My husband and I have aimed to teach our children how to learn more than anything else. We felt that it was important to give our children the right tools, guidance and time to dive into their interests in a meaningful way. If it was an interest our son wanted to stay with, we became interested in it too. Some projects have become family endeavors. This lifestyle has been extremely rewarding for us. (It can also be exhausting!) We consider ourselves mentors, and we guide our children down a path most suited to their talents and capabilities.
When the boys were little, I tried my best to create a culture where questions were encouraged, books and art supplies were at our fingertips, building supplies were on hand, and we got outside as often as possible. We still try to get outside as much as possible.
I have used project-based homeschooling techniques so that the boys can focus mostly on the subjects that interest them, but I also pick subjects that I think are important. My favorite posts are about my boys’ child-led projects because that’s when homeschooling gets so exciting. That’s when the boys are really learning and growing!
Watching nature and science documentaries have been a daily ritual in our house, and we offer generous limits on screen time. My boys love Minecraft and other digital games. Some of my favorite projects the boys have pursued are nature and science studies, the Titanic, rockets, carnivorous plants, birds, drawing, and piano/classical music. I have learned so much through my boys!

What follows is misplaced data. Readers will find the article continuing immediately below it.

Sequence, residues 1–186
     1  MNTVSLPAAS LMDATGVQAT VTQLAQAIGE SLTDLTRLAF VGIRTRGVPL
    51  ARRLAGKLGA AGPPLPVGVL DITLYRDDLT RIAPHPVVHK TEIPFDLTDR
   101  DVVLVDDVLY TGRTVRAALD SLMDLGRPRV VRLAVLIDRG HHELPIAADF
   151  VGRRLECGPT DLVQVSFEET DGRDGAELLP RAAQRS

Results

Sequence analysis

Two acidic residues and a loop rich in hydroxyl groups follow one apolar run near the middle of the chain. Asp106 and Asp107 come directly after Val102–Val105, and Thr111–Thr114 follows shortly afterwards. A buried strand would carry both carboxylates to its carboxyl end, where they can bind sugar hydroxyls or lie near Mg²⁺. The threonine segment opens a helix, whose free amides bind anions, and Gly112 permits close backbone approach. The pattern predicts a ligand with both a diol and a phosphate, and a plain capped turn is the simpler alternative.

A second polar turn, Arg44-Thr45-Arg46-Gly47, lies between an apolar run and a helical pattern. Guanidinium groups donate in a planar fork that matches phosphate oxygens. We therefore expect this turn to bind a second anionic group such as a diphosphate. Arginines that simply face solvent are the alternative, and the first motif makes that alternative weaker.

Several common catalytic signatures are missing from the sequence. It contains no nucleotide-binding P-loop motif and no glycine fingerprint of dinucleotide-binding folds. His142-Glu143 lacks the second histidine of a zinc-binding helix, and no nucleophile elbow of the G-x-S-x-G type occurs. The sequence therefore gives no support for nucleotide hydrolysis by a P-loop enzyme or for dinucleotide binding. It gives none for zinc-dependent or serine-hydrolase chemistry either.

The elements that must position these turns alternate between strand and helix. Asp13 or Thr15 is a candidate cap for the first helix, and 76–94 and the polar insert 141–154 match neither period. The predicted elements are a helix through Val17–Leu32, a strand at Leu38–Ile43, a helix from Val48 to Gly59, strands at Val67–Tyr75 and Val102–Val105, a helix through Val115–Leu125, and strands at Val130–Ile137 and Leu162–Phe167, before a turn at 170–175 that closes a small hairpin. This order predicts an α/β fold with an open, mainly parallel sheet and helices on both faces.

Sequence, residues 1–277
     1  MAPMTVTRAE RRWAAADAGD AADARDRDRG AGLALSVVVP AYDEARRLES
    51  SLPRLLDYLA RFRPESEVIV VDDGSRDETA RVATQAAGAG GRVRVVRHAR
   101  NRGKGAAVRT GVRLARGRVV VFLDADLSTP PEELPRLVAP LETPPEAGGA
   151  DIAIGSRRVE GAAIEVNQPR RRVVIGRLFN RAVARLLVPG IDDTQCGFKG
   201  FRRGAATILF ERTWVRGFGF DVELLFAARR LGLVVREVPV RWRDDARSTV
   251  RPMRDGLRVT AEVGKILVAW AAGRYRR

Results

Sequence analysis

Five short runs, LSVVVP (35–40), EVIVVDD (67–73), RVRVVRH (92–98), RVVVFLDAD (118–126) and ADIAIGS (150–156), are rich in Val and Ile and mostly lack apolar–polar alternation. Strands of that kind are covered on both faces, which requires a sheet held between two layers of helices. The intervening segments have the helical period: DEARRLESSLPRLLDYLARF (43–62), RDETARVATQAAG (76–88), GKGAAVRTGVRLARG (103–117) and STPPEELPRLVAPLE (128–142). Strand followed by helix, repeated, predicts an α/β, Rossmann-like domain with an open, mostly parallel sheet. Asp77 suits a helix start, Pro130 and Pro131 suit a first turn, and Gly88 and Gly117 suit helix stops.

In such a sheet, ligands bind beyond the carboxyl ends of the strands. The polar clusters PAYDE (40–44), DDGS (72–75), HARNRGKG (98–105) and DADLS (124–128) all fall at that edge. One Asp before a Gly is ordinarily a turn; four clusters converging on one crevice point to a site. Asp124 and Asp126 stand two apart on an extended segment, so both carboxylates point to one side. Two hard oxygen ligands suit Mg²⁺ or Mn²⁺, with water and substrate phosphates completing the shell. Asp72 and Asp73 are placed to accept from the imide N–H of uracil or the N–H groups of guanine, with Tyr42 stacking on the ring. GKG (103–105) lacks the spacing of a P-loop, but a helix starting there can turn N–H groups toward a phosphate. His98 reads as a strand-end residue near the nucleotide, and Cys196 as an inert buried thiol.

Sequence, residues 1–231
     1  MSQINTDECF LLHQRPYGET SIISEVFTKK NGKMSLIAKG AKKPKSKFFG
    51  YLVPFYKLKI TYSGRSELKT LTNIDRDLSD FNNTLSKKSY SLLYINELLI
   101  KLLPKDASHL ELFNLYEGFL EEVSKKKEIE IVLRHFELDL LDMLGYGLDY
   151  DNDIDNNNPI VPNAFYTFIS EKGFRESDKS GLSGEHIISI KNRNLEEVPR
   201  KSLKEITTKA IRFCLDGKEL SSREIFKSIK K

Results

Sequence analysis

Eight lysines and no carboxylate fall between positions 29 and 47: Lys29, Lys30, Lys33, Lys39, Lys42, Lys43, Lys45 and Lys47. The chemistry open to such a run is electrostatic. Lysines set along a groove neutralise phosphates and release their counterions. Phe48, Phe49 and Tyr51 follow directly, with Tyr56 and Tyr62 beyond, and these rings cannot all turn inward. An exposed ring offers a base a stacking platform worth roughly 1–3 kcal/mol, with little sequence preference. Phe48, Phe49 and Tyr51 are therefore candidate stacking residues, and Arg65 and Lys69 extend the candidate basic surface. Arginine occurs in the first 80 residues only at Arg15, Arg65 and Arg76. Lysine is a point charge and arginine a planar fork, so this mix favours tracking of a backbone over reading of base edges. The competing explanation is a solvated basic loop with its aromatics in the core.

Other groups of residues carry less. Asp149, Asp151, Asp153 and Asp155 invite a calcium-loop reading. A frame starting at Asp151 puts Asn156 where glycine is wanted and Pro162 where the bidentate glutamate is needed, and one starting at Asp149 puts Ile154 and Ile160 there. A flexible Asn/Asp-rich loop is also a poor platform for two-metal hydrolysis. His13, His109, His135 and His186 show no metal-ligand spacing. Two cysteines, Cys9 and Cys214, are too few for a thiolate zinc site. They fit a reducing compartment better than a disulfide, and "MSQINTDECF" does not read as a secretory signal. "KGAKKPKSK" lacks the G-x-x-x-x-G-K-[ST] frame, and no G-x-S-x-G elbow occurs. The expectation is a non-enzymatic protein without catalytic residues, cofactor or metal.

Focusing on my child’s interests and going at his pace when it came to academic lessons, I had no idea how my eldest son would perform on his standardized test, which I’m required by state law to give him every few years. When he scored in the 95th percentile on the IOWA assessments at the end of 8th grade, I knew I was doing something right!
Now he is in high school, and he has some serious goals for the future. He’s willing to let me plan his high school classes because he knows he needs a traditional course of study to achieve those goals. We are using a combination of online classes and parent-created courses for high school. I help him balance his work load with his piano practice. (The piano was once a project, and now it’s his chosen vocation.)
We use secular materials to homeschool (one exception is clearly noted on my blog). While I respect all beliefs, and I’m proud to be friends with people of many different beliefs, we do not homeschool because of our beliefs. We study all religions because it’s an important part of culture and history.
I love to talk with other parents who are considering homeschooling. Send me an email, if you’d like to chat or ask questions about this way of life. See my store, if you’d like to find out how you can do a Zoom chat with me.
Your comments and questions keep me going, so please introduce yourself. I hope you’ll tell me about your homeschool and/or educational questions for your child.
~ Shelli Bond Pabis